In the past, George R.R. Martin has described his planned ending with a single word: "Bittersweet." An ending in which the Night King crushes humanity and takes control over Westeros… feels a bit too much on the side of "bitter," doesn't it? Then again, it all depends on your worldview, and how you interpret the word. For Martin, maybe humanity rallying together to try and defeat an overwhelming obstacle, while still losing, would be sweet enough — and perhaps in his mind, there's a sweetness to an ending that highlights the folly of man, an existentially difficult prospect for the audience to chew on after the screen goes dark. 

4. What if Cersei Lannister wins?

It's another existentially challenging notion. Jon Snow and friends could achieve the impossible and defeat the Army of the Dead, only to get ruthlessly ruined by Cersei (Lena Headey) and her treachery. To paraphrase one of the late, great Game of Thrones characters, our lack of imagination toward Cersei and her capacity for cruelty could leave us exposed to a huge blindside. In its own way, it fits the notion of a bittersweet ending: humanity rises up and takes on its greatest challenge, but our pettiness as a species still lingers, getting in the way of true change. On and on, the wheel spins. Game of Thrones made its first major statement in season one when the Lannisters defeated the Starks with the public execution of Sean Bean's Ned. Two seasons later, they struck again with the Red Wedding. Why should we expect the Lannisters' worst attributes to fail in the face of the endgame? The traditional fantasy narrative has us gearing up for a happy-ish ending… but as another great Game of Thrones character once said: "If you think this has a happy ending, you haven't been paying attention."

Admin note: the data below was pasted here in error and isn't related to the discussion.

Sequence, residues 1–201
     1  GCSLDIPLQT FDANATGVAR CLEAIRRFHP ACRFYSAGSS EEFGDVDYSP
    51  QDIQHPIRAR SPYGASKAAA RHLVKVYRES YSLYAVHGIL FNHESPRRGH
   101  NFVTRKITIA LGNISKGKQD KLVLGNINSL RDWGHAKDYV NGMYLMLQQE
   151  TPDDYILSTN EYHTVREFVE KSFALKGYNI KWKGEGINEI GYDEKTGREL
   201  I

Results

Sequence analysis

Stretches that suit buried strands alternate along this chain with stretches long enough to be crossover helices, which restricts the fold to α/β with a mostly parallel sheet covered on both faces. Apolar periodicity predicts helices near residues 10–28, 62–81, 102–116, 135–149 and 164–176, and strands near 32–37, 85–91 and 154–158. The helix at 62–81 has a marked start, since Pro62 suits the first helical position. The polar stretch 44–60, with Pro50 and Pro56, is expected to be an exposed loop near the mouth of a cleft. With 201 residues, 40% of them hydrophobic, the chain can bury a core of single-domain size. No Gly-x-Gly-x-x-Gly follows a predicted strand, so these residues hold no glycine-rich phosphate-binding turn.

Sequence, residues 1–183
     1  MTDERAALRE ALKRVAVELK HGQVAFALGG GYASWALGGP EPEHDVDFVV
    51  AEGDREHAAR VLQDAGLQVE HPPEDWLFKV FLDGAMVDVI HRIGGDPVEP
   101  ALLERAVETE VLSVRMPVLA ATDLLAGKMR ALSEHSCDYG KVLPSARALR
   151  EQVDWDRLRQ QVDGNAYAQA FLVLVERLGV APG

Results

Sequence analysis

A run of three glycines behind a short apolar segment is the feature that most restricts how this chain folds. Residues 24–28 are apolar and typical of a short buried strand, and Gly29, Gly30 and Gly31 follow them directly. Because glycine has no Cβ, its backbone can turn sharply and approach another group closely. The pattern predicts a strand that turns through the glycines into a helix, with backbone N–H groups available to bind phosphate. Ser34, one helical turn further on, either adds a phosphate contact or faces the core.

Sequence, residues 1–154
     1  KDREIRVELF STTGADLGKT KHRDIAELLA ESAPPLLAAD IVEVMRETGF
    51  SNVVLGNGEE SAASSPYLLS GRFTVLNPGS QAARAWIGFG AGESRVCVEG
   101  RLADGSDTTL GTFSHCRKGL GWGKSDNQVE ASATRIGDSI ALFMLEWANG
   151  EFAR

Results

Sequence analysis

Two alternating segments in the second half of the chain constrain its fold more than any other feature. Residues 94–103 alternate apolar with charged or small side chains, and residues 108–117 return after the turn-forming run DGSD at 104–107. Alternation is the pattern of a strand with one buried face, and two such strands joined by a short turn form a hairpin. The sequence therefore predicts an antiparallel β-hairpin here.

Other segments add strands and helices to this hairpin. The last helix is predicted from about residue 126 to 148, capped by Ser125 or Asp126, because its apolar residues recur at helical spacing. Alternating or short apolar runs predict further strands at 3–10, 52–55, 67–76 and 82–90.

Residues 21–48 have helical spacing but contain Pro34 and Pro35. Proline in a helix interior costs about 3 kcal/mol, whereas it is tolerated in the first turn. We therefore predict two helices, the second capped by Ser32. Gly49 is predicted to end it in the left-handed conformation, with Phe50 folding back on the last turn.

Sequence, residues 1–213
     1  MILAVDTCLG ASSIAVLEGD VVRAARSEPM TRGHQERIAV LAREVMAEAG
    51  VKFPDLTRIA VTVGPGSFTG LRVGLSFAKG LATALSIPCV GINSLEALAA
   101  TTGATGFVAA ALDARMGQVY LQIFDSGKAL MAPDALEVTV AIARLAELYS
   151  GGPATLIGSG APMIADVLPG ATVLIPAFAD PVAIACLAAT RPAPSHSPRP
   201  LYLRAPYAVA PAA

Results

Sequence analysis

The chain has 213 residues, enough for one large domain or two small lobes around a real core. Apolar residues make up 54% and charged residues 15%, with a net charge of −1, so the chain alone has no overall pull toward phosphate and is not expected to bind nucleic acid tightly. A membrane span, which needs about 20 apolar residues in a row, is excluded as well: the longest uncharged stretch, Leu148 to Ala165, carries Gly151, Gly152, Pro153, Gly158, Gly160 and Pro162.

5. How much heartache should we expect?